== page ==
Alien Invader at Catholic University


The worst video game ever meets the most dysfunctional family ever in the groundbreaking work of new playwright Frank DiSalvo Jr., as Catholic University of America presents Alien Invader. Based around the dysfunctions of four siblings one year after the death of their parents, this play presents an exciting new take on how families cope with one another during the most difficult of times – and although the moments are dire with dramatic flare-ups and consequences – the script is loaded with humor and character quirks that will keep the audience thoroughly entertained. While most of the story focuses on the family – a part of the family has an existential moment with the worst video game ever and goes on a journey to find himself – even if that journey involves going to the deserts of New Mexico to dig up the old cartridges of the failed video game. It’s a rollicking good time with peaks of intense drama and valleys of touching moments all coated over with a blast of hilarity – a wonderful piece of work to submit as an MFA thesis play.

Anna Lathrop and Thomas DiSalvo. Photo by Colin Hovde.

The stage is crafted simply with a living room set and framed photographs all across the mantelpiece. Scenic Designer Dr. Tom Donahue does a splendid job of creating a simplistic living room with clearly delineated spaces to indicate the rest of the sprawling house including a kitchen, basement and upstairs with bedrooms and bathrooms without ever having to make those rooms present on the stage. The players make great use of this space, making it feel lived in and yet preserved at the same time. The sense of untouched fills the room with the way books, magazines and other clutter are consistently left all over every available surface, yet the characters live in the space, as if clinging to the memory of the way the house once was a year ago.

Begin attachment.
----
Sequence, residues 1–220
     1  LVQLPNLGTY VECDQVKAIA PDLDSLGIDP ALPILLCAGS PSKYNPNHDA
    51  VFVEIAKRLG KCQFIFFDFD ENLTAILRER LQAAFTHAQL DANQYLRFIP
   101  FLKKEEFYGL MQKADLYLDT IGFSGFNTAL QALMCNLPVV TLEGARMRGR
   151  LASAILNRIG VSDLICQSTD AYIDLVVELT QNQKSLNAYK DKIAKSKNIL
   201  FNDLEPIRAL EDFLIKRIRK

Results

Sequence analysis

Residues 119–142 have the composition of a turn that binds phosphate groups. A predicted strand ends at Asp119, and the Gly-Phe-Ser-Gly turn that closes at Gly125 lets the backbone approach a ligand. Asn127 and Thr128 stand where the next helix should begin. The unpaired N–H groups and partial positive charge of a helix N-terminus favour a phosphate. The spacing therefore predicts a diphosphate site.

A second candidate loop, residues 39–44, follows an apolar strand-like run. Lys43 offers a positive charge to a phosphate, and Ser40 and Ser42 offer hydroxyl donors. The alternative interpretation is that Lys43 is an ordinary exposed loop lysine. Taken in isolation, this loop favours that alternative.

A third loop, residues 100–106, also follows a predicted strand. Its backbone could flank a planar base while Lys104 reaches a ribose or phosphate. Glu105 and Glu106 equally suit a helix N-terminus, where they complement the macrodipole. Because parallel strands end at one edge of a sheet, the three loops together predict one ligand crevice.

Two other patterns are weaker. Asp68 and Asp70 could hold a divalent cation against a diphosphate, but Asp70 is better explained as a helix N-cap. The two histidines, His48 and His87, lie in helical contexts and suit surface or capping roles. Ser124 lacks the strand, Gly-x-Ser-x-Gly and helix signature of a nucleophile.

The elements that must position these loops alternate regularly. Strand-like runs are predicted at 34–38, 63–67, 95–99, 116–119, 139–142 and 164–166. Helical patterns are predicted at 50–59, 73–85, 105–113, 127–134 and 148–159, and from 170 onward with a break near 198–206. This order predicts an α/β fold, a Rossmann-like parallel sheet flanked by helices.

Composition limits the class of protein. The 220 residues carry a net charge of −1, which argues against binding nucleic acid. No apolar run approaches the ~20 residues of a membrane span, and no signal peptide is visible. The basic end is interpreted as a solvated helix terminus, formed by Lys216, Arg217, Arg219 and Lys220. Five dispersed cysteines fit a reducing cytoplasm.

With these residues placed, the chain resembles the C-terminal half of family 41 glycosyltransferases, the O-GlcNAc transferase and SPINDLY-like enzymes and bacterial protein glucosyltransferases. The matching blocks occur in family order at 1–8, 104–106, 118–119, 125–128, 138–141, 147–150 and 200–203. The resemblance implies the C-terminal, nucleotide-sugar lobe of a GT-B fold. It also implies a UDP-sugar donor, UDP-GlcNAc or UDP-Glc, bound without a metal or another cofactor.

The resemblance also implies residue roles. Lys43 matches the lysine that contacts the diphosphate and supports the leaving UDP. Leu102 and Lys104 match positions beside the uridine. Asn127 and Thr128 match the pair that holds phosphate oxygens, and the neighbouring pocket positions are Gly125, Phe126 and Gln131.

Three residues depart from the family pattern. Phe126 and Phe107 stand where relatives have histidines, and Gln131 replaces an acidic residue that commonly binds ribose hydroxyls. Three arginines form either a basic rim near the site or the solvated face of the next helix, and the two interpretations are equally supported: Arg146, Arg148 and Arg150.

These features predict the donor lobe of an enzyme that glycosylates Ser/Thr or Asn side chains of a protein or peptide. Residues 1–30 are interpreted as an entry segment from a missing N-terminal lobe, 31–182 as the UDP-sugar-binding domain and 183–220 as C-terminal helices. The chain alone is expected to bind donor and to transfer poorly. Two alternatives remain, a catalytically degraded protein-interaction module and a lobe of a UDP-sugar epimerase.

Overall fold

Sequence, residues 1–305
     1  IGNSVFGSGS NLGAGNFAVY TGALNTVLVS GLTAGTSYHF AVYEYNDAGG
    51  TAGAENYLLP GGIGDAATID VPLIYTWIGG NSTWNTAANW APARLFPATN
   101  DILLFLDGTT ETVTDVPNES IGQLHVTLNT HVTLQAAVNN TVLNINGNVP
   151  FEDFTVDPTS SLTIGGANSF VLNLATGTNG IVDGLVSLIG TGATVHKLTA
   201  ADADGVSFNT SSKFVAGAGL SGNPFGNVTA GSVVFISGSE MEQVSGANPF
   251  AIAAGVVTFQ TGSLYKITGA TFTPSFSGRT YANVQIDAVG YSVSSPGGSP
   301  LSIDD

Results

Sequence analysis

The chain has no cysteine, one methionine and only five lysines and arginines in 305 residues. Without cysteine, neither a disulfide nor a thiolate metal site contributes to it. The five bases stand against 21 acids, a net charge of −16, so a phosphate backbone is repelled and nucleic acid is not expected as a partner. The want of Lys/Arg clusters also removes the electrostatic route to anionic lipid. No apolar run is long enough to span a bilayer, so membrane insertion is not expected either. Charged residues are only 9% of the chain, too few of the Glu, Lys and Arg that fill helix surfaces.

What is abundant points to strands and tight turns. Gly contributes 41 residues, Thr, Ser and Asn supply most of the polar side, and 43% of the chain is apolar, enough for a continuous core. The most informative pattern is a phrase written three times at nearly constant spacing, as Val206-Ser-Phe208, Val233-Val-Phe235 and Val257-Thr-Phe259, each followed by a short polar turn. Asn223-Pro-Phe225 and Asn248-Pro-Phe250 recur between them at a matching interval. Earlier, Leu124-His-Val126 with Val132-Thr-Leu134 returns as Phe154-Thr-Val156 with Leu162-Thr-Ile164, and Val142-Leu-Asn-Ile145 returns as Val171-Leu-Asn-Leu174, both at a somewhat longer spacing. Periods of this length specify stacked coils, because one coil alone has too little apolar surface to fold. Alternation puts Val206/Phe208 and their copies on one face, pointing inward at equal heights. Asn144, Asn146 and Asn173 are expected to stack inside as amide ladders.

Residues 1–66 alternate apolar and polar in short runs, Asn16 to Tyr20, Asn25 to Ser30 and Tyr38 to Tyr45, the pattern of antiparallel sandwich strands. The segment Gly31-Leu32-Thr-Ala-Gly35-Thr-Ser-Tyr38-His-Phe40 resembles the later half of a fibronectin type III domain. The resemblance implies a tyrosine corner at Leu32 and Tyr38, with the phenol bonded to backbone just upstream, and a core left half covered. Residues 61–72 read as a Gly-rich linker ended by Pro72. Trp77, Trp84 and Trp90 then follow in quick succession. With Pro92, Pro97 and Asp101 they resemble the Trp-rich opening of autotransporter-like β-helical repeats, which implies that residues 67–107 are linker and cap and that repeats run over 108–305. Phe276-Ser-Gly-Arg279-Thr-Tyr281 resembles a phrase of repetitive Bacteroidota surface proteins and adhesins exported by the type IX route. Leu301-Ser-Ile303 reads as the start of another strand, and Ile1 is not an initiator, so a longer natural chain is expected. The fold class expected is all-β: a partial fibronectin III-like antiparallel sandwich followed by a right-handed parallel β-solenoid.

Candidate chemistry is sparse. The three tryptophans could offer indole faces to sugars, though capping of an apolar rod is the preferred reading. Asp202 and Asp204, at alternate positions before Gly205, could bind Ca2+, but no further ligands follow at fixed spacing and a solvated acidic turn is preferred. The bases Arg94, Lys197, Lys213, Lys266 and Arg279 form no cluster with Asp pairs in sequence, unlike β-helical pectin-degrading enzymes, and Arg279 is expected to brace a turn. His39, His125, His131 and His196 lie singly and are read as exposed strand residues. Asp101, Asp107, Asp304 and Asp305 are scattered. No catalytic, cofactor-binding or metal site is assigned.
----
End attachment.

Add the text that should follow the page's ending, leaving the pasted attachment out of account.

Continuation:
The play itself is well-composed. There are moments of raw truth that echo through in both hilarity and harrowing heartfelt moments, never feeling contrived or forced. This is a rare thing to see in new written comedy as the trap of “going for the cheap easy laugh” often catches up the writer. But Frank DiSalvo Jr. creates a poignant show with witty one-liners, appropriate zingers and an extremely easy to follow plot and dialogue structure that really allows the audience to engage with the material. Some of the funniest moments come from the dialogue supplied to Elliot’s character, in particular when he comes home with pizza for the family, launching into a clever speech that equates the arrival of the pizza with the arrival of the Christ baby on Christmas, in the style of the angel speaking to the shepherds.

The actors really take well to the material provided, delving deeply into the psychology of the characters to really adapt them to the situation.

Wal-Mart.com USA, LLC